Unqualified "Botox cowboys" could be given carte blanche to administer the treatment - putting many patients at risk of serious side effects, according to health professionals.
The Independent Healthcare Advisory Services (Ihas), an influential medical lobby group that includes Bupa, Nuffield and BMI Hospitals, fears the Department of Health might shelve plans to regulate the booming Botox industry.
Although the Government has accepted the need to control cosmetic injections, some health professionals fear it could put aside plans for new regulations. This would give licence to the growing number of rogue injectors to continue dispensing the drug.
A growing obsession with smooth skin and wrinkle-free complexions has led to an explosion in beauty salons, nail parlours and hairdressers across the country offering Botox and other dermal fillers. About £100m was spent in the UK on non-surgical cosmetic procedures last year, but the safety of thousands of unregistered providers remains unmonitored.
Potential side-effects from botched treatments include skin necrosis - where tissue becomes blackened and dies - facial paralysis and semi-permanent double vision.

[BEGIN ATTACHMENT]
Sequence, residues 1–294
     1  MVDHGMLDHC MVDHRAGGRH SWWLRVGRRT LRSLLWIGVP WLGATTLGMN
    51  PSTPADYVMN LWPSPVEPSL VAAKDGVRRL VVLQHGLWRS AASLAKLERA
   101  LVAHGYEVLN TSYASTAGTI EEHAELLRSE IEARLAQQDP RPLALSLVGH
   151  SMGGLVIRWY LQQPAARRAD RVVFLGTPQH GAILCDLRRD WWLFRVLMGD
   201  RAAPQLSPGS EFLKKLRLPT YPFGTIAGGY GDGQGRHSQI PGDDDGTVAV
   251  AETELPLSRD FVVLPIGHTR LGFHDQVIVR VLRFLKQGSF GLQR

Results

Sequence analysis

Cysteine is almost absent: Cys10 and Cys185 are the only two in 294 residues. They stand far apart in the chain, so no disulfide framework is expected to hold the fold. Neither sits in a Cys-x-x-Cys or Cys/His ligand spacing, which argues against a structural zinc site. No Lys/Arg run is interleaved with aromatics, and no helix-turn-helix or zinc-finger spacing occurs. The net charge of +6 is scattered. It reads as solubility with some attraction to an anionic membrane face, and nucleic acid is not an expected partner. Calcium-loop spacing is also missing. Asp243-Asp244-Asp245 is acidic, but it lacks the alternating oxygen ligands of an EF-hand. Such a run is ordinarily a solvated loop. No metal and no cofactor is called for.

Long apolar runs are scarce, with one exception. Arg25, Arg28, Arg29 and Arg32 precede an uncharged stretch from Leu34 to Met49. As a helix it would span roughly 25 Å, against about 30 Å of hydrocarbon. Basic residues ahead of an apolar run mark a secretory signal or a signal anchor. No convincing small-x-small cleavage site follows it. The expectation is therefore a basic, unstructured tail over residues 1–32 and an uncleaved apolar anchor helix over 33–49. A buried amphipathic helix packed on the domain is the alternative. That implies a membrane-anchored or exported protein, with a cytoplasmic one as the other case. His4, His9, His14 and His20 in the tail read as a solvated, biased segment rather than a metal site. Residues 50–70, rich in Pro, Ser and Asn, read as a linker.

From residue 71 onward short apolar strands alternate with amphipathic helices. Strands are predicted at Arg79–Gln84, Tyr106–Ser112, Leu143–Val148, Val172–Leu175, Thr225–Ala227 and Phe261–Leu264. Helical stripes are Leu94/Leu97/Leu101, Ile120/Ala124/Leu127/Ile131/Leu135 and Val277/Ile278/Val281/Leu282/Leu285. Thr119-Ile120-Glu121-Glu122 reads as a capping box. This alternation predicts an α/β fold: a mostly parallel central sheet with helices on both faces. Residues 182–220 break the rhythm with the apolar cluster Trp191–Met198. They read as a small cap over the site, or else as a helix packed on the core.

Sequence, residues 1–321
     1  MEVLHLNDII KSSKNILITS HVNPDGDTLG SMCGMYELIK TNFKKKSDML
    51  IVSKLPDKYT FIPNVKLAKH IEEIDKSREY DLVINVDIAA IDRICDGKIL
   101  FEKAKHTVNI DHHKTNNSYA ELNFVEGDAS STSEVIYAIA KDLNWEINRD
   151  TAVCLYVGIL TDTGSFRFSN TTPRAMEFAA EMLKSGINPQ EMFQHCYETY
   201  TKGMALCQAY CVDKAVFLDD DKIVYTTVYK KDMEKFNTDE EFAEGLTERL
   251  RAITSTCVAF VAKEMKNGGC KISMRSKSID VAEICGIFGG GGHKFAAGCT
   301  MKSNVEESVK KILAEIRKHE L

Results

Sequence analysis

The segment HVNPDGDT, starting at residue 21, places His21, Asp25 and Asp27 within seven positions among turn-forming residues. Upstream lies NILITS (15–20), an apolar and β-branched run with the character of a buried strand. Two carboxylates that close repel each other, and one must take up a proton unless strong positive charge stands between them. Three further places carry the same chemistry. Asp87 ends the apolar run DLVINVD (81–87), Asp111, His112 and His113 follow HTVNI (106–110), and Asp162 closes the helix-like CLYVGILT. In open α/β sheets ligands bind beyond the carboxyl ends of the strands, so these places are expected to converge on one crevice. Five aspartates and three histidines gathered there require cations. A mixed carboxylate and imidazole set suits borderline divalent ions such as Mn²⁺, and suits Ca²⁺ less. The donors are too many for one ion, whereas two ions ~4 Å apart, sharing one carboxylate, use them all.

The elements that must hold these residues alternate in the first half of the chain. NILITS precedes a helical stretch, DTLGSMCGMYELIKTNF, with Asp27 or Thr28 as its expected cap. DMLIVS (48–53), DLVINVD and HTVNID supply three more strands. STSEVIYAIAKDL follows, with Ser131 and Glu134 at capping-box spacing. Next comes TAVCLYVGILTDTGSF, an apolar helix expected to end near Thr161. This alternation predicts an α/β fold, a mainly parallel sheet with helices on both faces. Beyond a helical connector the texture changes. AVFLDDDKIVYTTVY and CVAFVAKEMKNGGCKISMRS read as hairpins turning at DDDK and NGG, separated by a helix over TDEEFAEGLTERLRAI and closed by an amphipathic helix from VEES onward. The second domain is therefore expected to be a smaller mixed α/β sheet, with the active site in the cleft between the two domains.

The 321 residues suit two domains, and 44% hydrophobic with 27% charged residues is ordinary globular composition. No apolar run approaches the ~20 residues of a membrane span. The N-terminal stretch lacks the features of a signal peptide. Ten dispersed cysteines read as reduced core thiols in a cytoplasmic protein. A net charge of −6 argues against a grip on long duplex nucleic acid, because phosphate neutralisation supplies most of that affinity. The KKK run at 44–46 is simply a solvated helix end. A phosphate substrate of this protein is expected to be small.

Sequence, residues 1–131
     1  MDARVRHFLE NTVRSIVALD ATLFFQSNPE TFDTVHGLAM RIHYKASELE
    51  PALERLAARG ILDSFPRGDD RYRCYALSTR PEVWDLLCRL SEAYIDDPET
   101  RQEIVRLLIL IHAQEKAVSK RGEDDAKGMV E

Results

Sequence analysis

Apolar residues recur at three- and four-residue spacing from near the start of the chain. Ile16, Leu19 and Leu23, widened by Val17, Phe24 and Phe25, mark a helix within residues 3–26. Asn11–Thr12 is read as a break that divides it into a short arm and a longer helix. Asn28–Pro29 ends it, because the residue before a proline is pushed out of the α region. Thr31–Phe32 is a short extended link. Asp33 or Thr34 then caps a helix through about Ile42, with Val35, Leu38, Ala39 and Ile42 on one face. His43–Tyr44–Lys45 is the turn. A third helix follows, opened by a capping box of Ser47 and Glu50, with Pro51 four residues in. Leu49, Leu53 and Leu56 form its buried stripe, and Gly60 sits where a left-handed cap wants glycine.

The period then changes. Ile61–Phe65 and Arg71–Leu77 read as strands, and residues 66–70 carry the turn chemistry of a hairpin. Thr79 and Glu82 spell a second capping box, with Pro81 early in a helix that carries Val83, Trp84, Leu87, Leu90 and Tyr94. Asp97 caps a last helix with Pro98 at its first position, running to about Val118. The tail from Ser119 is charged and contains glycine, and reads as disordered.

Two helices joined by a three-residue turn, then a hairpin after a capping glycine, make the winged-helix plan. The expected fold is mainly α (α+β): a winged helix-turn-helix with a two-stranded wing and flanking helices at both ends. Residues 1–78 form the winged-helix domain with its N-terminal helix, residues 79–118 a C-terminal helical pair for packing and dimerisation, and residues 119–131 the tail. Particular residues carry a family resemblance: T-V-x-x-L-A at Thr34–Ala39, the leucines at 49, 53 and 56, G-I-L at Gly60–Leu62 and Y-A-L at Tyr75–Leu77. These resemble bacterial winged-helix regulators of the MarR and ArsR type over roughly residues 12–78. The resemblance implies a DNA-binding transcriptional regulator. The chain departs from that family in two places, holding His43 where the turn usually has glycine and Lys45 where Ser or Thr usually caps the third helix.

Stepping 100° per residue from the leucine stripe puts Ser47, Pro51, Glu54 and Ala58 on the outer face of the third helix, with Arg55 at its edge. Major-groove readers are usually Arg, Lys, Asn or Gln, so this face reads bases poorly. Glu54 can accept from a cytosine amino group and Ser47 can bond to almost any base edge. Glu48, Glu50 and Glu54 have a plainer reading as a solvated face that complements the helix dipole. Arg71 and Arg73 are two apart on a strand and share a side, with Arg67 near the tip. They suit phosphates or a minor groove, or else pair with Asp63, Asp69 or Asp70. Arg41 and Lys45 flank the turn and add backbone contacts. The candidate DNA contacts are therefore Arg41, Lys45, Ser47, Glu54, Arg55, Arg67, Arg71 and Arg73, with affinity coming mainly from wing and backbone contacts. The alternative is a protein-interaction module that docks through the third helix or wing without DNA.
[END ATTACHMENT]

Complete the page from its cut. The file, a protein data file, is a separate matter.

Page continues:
"We have moved from a situation where the Government has recognised a risk and need for regulation, to a situation where [it] appears to be looking for a way to back out," said Paul Stapleton, managing director of the Mapperley Park Clinic in Nottingham and a member of Ihas.
Dr Patrick Bowler, chairman of the British Association of Cosmetic Doctors, echoed the concerns of Ihas. "We were promised we'd have legislation in October, then it was pushed back to next April and now they're saying they're not sure when it's going to happen," he said. "It's low in the Government's priorities. That concerns me, because it is a public safety issue."
A number of celebrities have reportedly suffered unpleasant side effects after Botox treatment, among them Hollywood stars Teri Hatcher and Angelica Huston. Last month, actress Felicity Kendal complained of a bad experience with the drug, which she claimed made her look "spooky".
A government spokesman said: "The Department of Health [is] considering the form of regulation that would provide the best approach for treatment providers and their patients."
Additional reporting by David CollinsReuse content